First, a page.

Looking East: European Air and Missile Defense after Warsaw
July 14, 2016
Toward an Integrated Air and Missile Defense for Europe
Last week, leaders from all 28 NATO member nations met in Warsaw, coming together for what President Obama called the alliance’s “most important moment” since the end of the Cold War. The symbolism of the summit’s location was not lost on anyone. In the face of Russian provocations, NATO allies in Eastern Europe are especially concerned. Released at the close of the summit on July 9, the Warsaw Communiqué forthrightly recognizes that NATO has a Russia problem.  The summit took many important steps to adapt to this new strategic environment, including the deployment of four battalions in the Baltics and Poland and commitments to improve in several capability areas.
One capability area where the summit seemingly falls short of adapting, however, is missile defense, a core alliance mission since 2010. Additional steps are needed to update and expand European air defenses into an Integrated Air and Missile Defense (IAMD) network tailored to deter and defeat low-tier Russian threats while enhancing strategic stability. To be sure, the communiqué announces the initial operational capability for NATO’s ballistic missile defense (BMD), as a result of the recent activation of the Aegis Ashore site at Deveselu, Romania, aimed at prospective missile threats from the south, notably Iran. This architecture tailored to Iran, however, does not deter Russia. Both the southern and the eastern problems require respective, albeit related, solutions. The summit affirmed that NATO will have “the full range of capabilities necessary to deter and defend against potential adversaries and the full spectrum of threats that could confront the Alliance from any direction.” (Indeed, the phrase “from any direction” was used three times.) Applying this to air and missile defense will mean going beyond current European Phased Adaptive Approach (EPAA) plans, while remaining consistent with the EPAA’s guiding principle of adaptability.
The European IAMD envisioned here would be designed to protect deployed and rapid response forces, complicate nonstrategic Russian missile attack, protect freedom of movement within NATO territory, and permit the flow of forces to respond to aggression. Such a multinational or alliance-wide network would make deterrence more credible, raise the threshold for conventional attack, diminish prospects for coercion, and thereby support assurance and alliance cohesion. Its character would also remain “purely defensive” in nature.
Despite a changed environment, NATO has not yet embraced such a path. Several allies have concerns about doing so or are otherwise unwilling to challenge Russia in this area. This is a hole from which NATO may need to consider digging itself out. It is nevertheless worth considering the problem and potential solutions, should individual nations or the alliance more broadly wish to embrace them in the future.
Vulnerability to Russian A2/AD
The summit notably calls out Russia’s provocative military activities on the NATO periphery, repeated violations of NATO airspace, and irresponsible nuclear rhetoric. This threat set facing NATO includes an emerging suite of capabilities usually captured by the phrase “anti-access and area-denial” (A2/AD). Besides ballistic missile threats from Iran, NATO now faces a more complex threat consisting of cruise missiles, unmanned aerial vehicles (UAVs), aircraft, maneuvering or hybrid ballistic missiles, and robust air defenses. Of particular concern are Russia’s S-300 and S-400—Russia’s own air and missile defense network. When visiting U.S. and other allied officials flew to the Warsaw airport, their aircraft were within range of Russia’s air defenses and largely missile-based A2/AD bubbles extending over Eastern Europe. Offensive missile forces, such as the Iskander and the Kalibr cruise missile conspicuously displayed in Syria, also pose new threats. The communiqué calls out violations of the Intermediate-Range Nuclear Forces (INF) Treaty, but Russia’s overall intent and capabilities are more important than any specific treaty-noncompliant missile. U.S. or allied forces under attack would find little satisfaction in the knowledge that an incoming Russian attack consists of sea- or air-launched rather than ground-launched missiles.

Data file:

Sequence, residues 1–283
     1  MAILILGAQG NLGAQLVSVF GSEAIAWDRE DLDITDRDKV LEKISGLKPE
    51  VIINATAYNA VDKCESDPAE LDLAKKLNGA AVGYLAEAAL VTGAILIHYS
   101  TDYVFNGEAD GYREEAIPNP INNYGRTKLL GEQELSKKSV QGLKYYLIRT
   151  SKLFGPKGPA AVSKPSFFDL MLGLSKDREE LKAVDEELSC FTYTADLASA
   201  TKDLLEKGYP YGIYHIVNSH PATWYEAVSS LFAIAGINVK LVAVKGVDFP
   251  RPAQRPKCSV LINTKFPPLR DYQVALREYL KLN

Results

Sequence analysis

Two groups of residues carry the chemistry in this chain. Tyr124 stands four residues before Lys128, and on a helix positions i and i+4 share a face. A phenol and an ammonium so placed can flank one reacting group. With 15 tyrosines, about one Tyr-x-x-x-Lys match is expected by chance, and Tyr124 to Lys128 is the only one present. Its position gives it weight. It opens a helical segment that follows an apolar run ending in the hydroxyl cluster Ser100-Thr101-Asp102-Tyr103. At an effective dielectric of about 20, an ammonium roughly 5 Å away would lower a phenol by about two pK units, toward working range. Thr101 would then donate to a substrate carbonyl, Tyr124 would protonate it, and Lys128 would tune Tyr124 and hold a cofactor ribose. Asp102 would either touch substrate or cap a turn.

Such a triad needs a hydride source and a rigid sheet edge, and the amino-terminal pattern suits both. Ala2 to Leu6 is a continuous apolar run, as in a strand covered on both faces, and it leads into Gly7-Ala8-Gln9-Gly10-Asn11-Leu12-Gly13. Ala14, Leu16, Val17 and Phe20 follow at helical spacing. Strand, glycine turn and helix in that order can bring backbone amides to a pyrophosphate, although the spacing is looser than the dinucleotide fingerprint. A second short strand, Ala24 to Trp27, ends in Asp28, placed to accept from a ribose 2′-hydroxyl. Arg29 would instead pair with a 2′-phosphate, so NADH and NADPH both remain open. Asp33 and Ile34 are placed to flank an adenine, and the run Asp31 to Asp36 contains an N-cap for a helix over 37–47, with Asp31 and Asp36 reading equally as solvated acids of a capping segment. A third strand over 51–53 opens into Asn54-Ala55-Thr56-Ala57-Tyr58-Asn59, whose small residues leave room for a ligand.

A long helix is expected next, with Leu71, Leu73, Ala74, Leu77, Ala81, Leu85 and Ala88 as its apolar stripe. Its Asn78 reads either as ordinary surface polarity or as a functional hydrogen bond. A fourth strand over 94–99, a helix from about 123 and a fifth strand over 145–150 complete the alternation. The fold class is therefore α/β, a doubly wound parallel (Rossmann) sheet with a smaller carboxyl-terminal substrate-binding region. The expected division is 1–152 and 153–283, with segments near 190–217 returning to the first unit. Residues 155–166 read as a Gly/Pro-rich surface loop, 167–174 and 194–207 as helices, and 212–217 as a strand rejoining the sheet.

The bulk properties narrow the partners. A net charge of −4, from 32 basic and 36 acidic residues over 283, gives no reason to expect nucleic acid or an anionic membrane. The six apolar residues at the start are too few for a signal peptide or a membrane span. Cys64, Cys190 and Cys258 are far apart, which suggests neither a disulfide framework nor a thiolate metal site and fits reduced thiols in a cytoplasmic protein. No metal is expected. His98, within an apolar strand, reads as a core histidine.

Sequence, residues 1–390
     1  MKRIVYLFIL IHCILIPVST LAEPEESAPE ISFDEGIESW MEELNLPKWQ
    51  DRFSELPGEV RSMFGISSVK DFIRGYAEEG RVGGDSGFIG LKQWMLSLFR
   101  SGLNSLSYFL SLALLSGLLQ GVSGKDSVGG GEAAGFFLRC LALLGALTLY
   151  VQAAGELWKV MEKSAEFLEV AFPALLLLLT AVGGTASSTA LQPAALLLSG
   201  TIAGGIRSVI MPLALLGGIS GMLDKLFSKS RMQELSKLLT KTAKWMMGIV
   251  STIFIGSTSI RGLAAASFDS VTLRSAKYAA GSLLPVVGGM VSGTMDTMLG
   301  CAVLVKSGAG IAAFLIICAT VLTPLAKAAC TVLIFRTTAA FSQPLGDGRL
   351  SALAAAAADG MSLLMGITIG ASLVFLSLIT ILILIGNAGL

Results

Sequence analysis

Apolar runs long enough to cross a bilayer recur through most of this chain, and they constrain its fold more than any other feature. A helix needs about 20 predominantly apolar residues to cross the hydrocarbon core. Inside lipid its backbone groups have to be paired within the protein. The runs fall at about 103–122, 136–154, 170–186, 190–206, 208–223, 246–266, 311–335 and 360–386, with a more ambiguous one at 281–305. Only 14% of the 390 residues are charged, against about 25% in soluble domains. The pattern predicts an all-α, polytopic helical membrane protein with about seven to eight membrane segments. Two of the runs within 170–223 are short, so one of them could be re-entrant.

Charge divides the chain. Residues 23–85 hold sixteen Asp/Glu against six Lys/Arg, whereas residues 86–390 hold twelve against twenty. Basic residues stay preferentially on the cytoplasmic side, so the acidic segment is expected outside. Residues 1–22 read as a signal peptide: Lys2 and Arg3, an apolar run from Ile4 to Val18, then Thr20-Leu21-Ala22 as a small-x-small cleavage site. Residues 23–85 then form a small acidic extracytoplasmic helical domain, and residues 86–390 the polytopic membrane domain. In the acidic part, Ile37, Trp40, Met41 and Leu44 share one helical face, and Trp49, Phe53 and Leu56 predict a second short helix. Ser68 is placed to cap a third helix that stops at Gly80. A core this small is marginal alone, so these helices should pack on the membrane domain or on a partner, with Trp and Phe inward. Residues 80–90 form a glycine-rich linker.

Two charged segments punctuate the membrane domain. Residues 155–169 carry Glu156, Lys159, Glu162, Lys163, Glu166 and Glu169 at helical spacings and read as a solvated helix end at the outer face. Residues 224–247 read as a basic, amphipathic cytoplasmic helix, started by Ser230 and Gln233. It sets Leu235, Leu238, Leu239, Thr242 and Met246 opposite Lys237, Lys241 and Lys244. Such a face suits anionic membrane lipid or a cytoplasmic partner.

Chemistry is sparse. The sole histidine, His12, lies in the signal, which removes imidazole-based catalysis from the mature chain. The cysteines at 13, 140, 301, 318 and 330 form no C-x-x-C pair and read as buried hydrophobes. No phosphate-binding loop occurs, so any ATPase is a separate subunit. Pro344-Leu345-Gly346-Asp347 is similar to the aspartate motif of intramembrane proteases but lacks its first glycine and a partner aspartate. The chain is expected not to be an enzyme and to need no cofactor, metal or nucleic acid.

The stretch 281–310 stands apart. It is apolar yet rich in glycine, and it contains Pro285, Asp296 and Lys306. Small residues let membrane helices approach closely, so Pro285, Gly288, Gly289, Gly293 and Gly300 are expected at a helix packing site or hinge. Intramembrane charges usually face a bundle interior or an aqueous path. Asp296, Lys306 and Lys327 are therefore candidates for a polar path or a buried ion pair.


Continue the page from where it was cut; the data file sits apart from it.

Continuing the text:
A recent CSIS report describes these forces as “a thicket of overlapping and redundant A2/AD systems” based in Kaliningrad, Western Russia, Belarus, the Black Sea—and indeed extending from the Russian Arctic to Syria.  NATO allies are particularly vulnerable to these threats, especially given the neglect of air defenses in recent decades. Russian deployments in Kaliningrad and access to bases in Belarus could potentially isolate NATO’s eastern flank, hold at risk NATO’s ground forces, and support a fait accompli that could either shatter the alliance or require massive escalation to save it. NATO members should consider investing in an A2/AD “thicket” of their own to defend forces in the East.
Relation to NATO Policy
The development of a robust European IAMD would not be inconsistent with past NATO pronouncements. Indeed, past NATO statements and documents have used special care to steward exactly this kind of flexibility. Every summit declaration since 2010 has reaffirmed that U.S. and NATO limited missile defense deployments are not intended to defeat what the West considers to be Russia’s strategic nuclear forces or to affect the strategic balance with Russia. This does not, however, preclude robust lower-tier defenses for nonstrategic air and missile threats.